These changes represent the greatest transformation of Ontario’s health and safety rules in over thirty years.

Since their recommendations were accepted, the Ministry of Labour and our government have worked hard to make them a reality.

We have appointed the province’s first Chief Prevention Officer, George Gritziotis, who is overseeing this transformation and helping make sure injuries do not happen in the first place.

We have increased the number of enforcement officers to make sure employers follow the rules.

We will be launching the first ever province-wide integrated occupational health and safety strategy — developed with input from labour, employers, injured workers and community groups — to establish clear priorities and rules that will guide our work in the years ahead.

The “Health & Safety at Work – Prevention Starts Here” poster is mandatory in all workplaces.

This poster explains in everyday language the health and safety rights and responsibilities of workers, supervisors and employers.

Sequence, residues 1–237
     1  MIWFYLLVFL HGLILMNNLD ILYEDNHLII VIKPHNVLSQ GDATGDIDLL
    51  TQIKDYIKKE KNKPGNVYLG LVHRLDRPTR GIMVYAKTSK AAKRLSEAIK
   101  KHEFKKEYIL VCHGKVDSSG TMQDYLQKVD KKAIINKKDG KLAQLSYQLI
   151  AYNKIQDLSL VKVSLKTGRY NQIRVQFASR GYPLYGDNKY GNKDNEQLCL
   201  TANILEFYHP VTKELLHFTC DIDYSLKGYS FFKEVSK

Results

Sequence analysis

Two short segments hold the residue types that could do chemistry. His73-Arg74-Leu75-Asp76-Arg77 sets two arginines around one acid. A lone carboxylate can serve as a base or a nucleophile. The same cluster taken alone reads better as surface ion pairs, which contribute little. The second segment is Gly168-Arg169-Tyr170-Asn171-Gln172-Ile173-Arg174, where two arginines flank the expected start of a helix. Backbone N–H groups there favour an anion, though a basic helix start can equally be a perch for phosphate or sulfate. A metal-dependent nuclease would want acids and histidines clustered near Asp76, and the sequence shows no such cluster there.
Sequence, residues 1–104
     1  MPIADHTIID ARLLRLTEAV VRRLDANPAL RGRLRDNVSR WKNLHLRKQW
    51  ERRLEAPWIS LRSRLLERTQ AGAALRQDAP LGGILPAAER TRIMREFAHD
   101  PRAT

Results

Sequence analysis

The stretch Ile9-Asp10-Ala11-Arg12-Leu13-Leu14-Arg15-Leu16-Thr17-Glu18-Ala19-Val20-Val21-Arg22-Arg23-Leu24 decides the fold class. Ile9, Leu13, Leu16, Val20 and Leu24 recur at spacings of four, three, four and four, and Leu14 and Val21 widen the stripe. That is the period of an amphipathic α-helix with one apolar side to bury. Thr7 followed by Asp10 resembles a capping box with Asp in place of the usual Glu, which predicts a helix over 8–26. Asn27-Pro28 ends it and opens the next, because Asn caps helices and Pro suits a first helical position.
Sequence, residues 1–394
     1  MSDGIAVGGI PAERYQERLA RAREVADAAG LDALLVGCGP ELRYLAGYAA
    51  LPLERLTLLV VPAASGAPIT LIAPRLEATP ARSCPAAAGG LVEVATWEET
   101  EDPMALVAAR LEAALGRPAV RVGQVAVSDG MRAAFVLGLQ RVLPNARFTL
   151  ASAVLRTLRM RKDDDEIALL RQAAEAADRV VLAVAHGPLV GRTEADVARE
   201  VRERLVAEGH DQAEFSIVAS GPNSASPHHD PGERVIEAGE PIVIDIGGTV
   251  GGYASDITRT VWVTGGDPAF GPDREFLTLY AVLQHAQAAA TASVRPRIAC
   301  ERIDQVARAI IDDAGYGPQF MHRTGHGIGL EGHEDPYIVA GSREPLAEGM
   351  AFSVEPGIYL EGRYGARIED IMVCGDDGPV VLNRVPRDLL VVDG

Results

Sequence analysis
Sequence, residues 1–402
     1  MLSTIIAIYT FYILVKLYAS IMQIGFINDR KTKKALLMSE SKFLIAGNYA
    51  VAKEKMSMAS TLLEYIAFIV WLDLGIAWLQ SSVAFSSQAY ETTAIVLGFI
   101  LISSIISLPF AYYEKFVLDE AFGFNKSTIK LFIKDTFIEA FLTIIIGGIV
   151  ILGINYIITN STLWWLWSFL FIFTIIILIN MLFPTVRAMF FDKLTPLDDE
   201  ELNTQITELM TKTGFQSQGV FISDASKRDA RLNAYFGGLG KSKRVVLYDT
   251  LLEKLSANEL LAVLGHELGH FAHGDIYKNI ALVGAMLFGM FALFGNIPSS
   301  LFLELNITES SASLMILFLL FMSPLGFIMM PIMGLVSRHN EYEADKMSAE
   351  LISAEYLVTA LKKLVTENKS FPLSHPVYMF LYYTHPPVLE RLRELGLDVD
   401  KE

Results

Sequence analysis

This is one of many tools the ministry uses to encourage workers to get involved in health and safety, and explains when and why to contact the Ministry of Labour.

And our approach is working — injury rates are down thirty per cent since 2003.

But we must do more because we all know the toll these workplace injuries and fatalities take on our families, our communities, our co-workers and our employees.

That can never be tallied or have a dollar sign put beside it.

The burden to our employers, businesses and the overall economy of Ontario, however, is known.

In the manufacturing industry alone last year, there was the equivalent of 328 years of lost time.

328 years of lost time every single year in just the manufacturing sector.

The productivity loss is staggering.

We cannot allow this to continue. And we all have a role to play.